Innovations need opportunities. Our new article describes how such opportunities turn into ideas. And how they can be brought to market with the help of the Innovation Mesh.

“Every man is surrounded by opportunity. But these only exist when they are recognised. And he knows them only when he seeks them!” I take this quote from the British medical doctor, cognitive scientist and writer Edward de Bono in my article “How innovation works. The e-camper bike is picking up speed – a case study”. I am interested in how we can recognise the opportunities that surround us all and turn them into innovations. The article was recently published in issue 03 of the trade journal “Ideen- und Innovationsmanagement” by ESV Verlag and is available here (in German language).

Manage innovations in a structured and flexible way with the Innovation Mesh

For my illustrative case study, I use the ‘Innovation Mesh’ – a process model that enables the management of innovations in a structured and flexible way. It is an approach of innovation management to act in dynamic and unmanageable situations and to use the opportunities that surround us.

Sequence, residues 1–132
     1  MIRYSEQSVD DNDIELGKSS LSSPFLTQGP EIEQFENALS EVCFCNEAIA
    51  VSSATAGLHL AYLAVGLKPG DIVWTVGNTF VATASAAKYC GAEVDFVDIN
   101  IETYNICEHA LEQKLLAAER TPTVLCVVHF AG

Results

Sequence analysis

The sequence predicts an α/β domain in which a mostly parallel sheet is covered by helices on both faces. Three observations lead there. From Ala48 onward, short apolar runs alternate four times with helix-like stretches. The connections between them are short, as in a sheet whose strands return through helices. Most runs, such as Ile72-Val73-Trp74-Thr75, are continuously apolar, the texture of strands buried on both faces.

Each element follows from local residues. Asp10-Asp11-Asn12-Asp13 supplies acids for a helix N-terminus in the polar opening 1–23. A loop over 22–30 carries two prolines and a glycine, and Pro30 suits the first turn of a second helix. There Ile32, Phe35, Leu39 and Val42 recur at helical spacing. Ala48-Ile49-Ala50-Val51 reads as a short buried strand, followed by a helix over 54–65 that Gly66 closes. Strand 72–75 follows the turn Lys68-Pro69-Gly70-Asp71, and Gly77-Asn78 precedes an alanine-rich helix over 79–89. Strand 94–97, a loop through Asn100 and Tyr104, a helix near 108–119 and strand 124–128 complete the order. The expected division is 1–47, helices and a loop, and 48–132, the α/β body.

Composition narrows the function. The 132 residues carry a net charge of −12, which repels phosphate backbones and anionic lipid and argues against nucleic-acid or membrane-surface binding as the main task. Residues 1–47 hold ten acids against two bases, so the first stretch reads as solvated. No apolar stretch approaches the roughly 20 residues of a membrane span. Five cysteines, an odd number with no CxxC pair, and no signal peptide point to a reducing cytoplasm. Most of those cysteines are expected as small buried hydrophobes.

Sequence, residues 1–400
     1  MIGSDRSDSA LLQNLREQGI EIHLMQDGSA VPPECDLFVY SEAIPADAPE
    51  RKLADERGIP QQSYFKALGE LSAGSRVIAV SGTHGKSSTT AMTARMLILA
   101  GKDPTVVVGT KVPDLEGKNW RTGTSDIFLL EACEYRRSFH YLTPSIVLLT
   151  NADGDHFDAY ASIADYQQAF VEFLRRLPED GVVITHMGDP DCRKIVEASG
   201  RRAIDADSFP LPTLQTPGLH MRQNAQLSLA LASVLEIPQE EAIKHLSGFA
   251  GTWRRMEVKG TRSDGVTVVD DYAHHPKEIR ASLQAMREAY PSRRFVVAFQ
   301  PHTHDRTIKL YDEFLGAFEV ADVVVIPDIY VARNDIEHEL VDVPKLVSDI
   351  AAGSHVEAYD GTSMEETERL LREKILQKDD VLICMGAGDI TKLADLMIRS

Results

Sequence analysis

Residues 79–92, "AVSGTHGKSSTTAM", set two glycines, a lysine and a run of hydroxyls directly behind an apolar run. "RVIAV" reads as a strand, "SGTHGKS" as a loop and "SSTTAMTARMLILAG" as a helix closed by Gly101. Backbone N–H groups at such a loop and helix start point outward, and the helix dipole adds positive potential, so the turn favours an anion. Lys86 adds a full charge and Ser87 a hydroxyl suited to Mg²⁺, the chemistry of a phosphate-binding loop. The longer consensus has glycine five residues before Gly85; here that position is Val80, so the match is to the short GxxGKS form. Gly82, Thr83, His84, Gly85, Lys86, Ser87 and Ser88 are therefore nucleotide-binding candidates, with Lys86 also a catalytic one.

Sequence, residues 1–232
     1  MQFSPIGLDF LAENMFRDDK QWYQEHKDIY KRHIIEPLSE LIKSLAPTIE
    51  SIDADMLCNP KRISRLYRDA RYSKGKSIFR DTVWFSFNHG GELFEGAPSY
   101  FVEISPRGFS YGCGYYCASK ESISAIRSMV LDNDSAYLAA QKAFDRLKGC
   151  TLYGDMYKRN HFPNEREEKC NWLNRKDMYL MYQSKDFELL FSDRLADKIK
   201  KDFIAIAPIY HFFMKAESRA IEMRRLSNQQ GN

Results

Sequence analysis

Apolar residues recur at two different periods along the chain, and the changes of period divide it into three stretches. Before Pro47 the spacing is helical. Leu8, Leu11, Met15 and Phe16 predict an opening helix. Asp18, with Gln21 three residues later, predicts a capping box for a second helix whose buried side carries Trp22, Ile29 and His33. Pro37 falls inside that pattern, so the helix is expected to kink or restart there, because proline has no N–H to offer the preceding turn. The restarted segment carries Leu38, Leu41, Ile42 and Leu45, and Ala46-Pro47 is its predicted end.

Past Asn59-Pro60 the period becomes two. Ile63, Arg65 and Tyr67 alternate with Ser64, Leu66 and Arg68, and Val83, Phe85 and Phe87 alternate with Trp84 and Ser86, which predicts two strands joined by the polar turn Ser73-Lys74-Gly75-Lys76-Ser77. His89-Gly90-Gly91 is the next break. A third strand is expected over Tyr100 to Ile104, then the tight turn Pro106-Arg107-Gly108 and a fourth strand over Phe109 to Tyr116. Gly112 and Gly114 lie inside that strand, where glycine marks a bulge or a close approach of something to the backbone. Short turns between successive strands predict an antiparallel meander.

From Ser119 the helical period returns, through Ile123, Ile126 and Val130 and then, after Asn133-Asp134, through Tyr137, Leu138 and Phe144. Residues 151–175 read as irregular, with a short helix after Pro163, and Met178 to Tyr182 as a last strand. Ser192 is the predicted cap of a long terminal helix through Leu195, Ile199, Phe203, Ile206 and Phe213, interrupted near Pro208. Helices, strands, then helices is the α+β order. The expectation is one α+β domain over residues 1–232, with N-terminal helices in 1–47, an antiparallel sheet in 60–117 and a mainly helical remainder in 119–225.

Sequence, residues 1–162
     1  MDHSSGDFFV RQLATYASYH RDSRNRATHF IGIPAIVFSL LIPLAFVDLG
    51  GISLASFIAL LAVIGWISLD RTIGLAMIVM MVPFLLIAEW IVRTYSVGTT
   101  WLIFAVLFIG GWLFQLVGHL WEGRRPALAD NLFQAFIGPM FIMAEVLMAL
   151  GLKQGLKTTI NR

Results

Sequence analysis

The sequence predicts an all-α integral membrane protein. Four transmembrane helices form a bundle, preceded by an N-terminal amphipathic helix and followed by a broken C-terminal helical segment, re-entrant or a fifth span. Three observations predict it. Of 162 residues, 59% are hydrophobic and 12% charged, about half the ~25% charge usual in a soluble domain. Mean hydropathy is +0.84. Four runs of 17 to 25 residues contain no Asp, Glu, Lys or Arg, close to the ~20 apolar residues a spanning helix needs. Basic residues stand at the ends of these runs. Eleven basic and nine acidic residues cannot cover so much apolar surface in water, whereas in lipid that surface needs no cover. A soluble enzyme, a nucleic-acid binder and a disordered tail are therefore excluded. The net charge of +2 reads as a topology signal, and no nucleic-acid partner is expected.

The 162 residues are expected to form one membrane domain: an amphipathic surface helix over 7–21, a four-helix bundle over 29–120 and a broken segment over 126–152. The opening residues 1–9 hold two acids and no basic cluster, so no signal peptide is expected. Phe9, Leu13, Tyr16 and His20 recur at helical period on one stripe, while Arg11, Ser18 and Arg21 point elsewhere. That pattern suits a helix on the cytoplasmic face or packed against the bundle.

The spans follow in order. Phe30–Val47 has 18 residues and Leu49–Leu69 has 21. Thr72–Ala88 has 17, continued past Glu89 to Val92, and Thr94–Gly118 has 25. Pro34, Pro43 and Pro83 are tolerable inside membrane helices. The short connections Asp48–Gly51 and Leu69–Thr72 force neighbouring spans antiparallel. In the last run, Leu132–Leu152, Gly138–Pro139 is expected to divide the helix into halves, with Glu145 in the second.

The Innovation Mesh contains seven themes that bring an idea to maturity and finally to a marketable product. In the case study, the bicycle manufacturer Jørens Zweiräder runs through these seven themes (several times) with a specially created ‘Innovation Project Group’. In several iterations, the team uses the ‘Innovation Mesh’ to bring the e-camper-bike to market maturity in different markets.

Fostering out-of-the-box thinking

The individual Innovation Mesh themes are not only run through once, but sometimes up to three times, in order to have the final product ready for different markets. Thus, the project group’s process model serves as a flexible structure and orientation to further develop the innovation step by step. In contrast to other approaches to innovation management, ideas that do not appear to be very promising from the current perspective are not simply rejected. They are repeatedly reassessed in several experimental phases. Out-of-the-box thinking is thus encouraged.

And why do we need it? To turn opportunities into innovations.

Renke Ulonska